These improvements were observed at 3 and 6 months after completion of CRT but not immediately following CRT or at 9 and 12 months after CRT. These differences were observed despite the finding that 69% of patients assigned to the intervention arm had discontinued the swallowing exercises by week 5 of the radiation therapy, indicating that even without adherence to the swallowing exercise regimen to the completion of the CRT, clinically and statistically meaningful improvements in swallowing function were seen.
We acknowledge that the small sample size of our study may make the detection of differences more difficult and that true differences may be only partially reflected. Consequently, the fact that at 9 and 12 months after CRT our patients no longer showed any statistically significant difference in swallowing function may be the result of a lack of statistical power. Further study of the effect of prophylactic swallowing exercises over time may help to more definitively address this lack of difference. The question remains whether the control patients may have caught up to the intervention patients in terms of improved swallowing performance. Additional research with a greater number of patients is needed to determine if the control patients with persistent dysphagic symptoms who received swallowing evaluation and treatment after completion of CRT were able to improve their swallowing function to the level seen by the patients who had performed the prophylactic swallowing exercise intervention by the 9-month mark.
Although we did not see a difference in PEG insertion rates between those patients who performed the prophylactic swallowing exercises and those who did not, this is likely unrelated to the presence or absence of swallowing exercise performance but rather is an expected result of the acute sequelae of the CRT, including mucositis and odynophagia, which the swallowing exercises would not be expected to influence. In addition, the numbers of patients in the PEG group was too small to assess whether prophylactic exercise could have an impact on hastening PEG removal.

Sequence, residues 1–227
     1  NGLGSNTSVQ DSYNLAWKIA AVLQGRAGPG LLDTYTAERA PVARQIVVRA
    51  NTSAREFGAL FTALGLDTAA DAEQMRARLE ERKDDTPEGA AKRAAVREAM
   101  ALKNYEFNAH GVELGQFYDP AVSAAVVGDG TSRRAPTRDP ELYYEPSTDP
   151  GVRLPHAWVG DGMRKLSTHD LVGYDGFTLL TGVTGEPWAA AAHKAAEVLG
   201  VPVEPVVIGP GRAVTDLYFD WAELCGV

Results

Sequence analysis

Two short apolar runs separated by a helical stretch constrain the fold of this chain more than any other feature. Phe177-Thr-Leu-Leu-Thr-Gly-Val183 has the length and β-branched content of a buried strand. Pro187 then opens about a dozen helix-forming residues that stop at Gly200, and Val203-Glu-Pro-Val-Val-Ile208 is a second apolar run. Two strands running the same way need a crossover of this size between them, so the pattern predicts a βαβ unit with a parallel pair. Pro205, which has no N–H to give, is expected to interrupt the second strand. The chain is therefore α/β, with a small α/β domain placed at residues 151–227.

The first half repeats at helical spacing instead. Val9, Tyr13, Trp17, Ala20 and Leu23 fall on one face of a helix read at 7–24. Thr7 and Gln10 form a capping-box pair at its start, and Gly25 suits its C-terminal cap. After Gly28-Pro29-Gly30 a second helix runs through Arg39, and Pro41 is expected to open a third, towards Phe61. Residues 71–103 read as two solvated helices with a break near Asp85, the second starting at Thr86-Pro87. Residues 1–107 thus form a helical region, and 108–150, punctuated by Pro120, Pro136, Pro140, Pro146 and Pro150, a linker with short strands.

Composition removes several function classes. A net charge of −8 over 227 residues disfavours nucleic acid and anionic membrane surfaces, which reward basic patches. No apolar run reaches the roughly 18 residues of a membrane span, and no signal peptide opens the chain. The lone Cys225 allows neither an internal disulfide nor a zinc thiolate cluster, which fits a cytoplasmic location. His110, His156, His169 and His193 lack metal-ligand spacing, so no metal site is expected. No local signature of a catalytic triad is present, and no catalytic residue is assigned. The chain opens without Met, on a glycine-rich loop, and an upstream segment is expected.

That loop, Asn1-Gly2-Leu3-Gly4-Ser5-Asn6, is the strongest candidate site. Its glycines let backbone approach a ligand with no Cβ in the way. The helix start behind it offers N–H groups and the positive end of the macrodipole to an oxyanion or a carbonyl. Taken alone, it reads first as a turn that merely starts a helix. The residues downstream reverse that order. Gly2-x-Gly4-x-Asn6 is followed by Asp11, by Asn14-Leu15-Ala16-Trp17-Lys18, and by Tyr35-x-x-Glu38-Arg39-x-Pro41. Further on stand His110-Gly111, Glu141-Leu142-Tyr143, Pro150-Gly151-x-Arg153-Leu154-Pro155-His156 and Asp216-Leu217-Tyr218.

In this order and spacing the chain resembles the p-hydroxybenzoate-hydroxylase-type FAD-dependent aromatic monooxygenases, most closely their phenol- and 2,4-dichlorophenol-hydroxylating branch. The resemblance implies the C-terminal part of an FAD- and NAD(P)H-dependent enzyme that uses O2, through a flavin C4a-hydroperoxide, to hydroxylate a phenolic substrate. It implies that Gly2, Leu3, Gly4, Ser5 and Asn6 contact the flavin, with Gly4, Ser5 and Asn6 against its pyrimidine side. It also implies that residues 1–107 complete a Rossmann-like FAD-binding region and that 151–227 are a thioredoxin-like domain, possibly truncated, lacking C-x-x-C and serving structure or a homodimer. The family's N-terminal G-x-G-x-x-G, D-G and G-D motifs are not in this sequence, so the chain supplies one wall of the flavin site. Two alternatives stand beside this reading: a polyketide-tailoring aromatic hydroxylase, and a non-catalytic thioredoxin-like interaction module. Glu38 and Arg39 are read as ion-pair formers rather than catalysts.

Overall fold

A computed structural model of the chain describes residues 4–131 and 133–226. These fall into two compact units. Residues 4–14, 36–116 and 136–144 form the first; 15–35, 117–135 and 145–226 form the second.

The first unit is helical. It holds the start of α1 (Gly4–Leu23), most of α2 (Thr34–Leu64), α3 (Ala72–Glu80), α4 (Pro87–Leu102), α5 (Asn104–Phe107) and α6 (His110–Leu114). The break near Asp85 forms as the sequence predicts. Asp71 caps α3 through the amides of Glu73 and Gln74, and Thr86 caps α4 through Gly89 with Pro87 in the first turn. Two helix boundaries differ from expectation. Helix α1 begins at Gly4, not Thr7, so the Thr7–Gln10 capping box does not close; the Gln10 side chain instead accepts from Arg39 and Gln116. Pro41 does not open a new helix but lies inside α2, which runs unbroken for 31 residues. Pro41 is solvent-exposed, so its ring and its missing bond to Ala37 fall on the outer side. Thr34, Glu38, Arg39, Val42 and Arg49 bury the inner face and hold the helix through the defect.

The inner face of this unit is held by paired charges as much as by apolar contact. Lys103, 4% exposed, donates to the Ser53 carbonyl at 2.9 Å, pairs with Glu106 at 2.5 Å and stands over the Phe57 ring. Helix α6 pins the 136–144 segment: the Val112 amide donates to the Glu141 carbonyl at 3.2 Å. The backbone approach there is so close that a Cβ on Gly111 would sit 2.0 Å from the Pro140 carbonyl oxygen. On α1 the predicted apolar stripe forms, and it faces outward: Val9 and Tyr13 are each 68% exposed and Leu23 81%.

Our findings are important for several reasons. By performing a prospective randomized controlled trial of the effect of prophylactic swallowing exercises on swallowing outcomes in patients undergoing CRT, we were able to corroborate the findings of prior research that has been subject to some criticism because of methodologic issues.
Kulbersh et al32 assessed the effect of pretreatment swallowing exercises on patient responses to the M. D. Anderson Dysphagia Inventory (MDADI), a self-administered survey that specifically evaluates the impact of swallowing dysfunction on the QOL of patients who have been treated for HNC. They found higher scores among the patients who had performed pretreatment swallowing exercises. However, this study was not randomized, and the MDADI surveys were administered to the control group several years before it was administered to the group receiving pretreatment swallowing therapy, a difference in time over which treatment of HNC may have improved at that institution.
Another frequently cited study, by Carroll, et al,33 evaluated the effect of pretreatment swallowing exercises on posttreatment swallowing physiologic mechanisms as measured by videofluoroscopic swallowing evaluation. This was a retrospective, case-controlled study that compared 9 patients undergoing CRT who had performed pretreatment swallowing exercises with 9 patients undergoing CRT who had not. At 3 months after treatment, they found that patients who had performed the pretreatment swallowing exercises had improved tongue base to posterior pharyngeal wall approximation and better maintained epiglottic inversion than patients who did not perform swallowing exercises. No differences were observed between the 2 groups on other swallowing outcomes, including laryngeal elevation, presence of aspiration, cricopharyngeal opening, and PEG removal rates. Without the benefit of randomization, it is impossible to know if the patients in this study who performed the prophylactic swallowing exercise program are a fair representation of all patients undergoing CRT or characterize a subset of patients who experienced fewer adverse effects from treatment and consequently were able to participate in swallowing exercises while undergoing CRT.